Modeling Across Millennia: Interdisciplinary Paths to Ancient Socionatural Systems

Sunday, February 20, 2011: 1:30 PM-4:30 PM
146B (Washington Convention Center )
For 50 years, archeologists have worked with botanists, zoologists, geologists, and other scientists to reconstruct past environments and identify constituents of the archeological record. But only recently have we begun to incorporate the data from other sciences in dynamic models of prehistoric societies in their changing landscapes, to begin to understand how subtle processes such as the human impact on the environment interact with climatic variability, and human social and cultural processes, to form the archeological record that we discover. These papers report findings from six projects whose target societies range in scale from fishers and foragers in the northern Pacific, to incipient states in Mesopotamia. Collectively, they illustrate the range of ways in which archeologists can work with other scientists to describe, model, and explain linked changes to societies and environments that open new approaches to understanding the emergence of larger and more complex polities, the long-term sustainability of adaptations, and the factors that make societies robust or vulnerable to various environmental hazards. This symposium is sponsored by CHANS-NET, an international network of research on coupled human and natural systems.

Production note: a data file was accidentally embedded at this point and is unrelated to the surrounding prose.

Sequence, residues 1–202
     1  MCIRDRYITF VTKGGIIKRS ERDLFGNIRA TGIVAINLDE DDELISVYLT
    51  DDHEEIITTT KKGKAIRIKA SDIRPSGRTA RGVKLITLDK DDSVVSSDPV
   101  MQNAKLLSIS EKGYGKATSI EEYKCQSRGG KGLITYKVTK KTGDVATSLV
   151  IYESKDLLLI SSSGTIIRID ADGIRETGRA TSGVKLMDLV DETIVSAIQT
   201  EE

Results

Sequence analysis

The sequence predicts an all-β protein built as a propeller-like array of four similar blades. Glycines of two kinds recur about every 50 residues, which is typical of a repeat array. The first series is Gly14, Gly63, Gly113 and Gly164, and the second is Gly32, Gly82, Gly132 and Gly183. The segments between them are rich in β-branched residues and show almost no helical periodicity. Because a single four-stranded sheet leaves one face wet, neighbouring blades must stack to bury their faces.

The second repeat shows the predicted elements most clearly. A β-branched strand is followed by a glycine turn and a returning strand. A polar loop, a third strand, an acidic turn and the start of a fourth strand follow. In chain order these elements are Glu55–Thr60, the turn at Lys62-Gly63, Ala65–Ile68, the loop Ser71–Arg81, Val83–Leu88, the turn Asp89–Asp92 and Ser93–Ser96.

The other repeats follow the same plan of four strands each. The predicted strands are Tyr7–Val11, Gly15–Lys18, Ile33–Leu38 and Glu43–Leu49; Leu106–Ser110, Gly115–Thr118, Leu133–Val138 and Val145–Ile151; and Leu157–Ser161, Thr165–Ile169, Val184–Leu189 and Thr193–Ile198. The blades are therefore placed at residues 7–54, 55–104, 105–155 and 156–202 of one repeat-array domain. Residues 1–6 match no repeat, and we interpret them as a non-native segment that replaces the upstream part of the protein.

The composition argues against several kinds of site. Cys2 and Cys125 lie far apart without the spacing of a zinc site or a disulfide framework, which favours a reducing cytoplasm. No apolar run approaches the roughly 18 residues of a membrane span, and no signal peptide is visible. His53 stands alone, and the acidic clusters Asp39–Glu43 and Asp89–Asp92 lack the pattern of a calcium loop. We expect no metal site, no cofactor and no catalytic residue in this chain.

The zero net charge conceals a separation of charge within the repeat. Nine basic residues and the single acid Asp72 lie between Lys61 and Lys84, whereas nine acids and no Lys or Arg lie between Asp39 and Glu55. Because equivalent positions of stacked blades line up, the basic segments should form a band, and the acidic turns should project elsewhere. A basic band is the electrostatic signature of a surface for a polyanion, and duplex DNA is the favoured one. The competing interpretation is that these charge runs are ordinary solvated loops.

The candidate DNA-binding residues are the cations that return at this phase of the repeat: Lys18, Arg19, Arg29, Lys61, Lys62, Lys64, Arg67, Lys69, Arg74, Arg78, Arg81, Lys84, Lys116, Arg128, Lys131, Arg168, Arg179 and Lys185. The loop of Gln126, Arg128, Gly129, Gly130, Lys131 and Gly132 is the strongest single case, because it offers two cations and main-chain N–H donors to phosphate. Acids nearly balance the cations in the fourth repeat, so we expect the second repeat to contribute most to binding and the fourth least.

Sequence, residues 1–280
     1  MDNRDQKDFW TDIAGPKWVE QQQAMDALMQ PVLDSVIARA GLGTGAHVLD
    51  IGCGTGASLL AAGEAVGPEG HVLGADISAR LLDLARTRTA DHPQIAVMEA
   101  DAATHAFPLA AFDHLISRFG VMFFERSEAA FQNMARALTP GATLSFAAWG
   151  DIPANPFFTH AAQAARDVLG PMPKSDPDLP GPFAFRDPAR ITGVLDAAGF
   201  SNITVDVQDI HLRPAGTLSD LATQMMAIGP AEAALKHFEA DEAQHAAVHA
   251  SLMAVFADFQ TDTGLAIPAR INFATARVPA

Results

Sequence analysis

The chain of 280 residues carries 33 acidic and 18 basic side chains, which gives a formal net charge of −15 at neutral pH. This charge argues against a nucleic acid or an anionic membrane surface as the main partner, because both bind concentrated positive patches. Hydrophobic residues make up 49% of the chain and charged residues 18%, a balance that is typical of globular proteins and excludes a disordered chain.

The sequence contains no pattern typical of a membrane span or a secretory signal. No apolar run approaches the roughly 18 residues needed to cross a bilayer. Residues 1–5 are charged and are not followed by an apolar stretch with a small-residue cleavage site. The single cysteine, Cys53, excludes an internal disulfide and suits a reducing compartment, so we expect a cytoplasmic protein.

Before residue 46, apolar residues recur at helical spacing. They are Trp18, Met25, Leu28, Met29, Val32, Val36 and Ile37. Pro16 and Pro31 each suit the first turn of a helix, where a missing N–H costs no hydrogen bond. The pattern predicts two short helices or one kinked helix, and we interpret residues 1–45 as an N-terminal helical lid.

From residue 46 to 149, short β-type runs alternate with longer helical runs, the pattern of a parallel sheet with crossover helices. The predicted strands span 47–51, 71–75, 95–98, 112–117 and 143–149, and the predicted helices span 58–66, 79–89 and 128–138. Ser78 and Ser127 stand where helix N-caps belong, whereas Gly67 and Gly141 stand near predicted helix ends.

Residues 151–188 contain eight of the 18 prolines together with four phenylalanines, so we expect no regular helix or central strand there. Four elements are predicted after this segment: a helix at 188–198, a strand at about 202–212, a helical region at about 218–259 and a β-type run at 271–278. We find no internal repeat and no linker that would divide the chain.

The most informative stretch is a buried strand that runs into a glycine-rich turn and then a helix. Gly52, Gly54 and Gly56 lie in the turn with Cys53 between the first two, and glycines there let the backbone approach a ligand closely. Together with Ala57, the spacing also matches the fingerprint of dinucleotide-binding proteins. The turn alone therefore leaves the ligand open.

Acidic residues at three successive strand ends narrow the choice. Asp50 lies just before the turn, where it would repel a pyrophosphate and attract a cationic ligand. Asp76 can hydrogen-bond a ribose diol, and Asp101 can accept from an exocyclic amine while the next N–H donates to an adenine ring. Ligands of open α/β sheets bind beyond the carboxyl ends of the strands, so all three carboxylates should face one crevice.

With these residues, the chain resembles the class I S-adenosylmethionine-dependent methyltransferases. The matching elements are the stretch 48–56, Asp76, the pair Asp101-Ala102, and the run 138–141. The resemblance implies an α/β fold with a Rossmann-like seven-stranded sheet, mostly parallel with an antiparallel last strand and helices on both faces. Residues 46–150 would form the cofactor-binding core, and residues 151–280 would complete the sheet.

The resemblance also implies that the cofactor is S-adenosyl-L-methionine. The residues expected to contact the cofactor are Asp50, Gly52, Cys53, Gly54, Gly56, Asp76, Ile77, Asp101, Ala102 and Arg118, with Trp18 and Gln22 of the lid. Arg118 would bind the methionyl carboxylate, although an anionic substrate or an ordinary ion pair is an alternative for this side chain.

Timothy A. Kohler, Washington State University
Stefani A. Crabtree, Washington State University
J. Daniel Rogers, National Museum of Natural History
Modeling Human-Environmental Interactions in Inner Asia: Households to Empires
Timothy A. Kohler, Washington State University
The Village Ecodynamics Project: Modeling the Deep Pueblo Past
Patrick V. Kirch, University of California
Islands as Model Systems for Long-Term Human Ecodynamics
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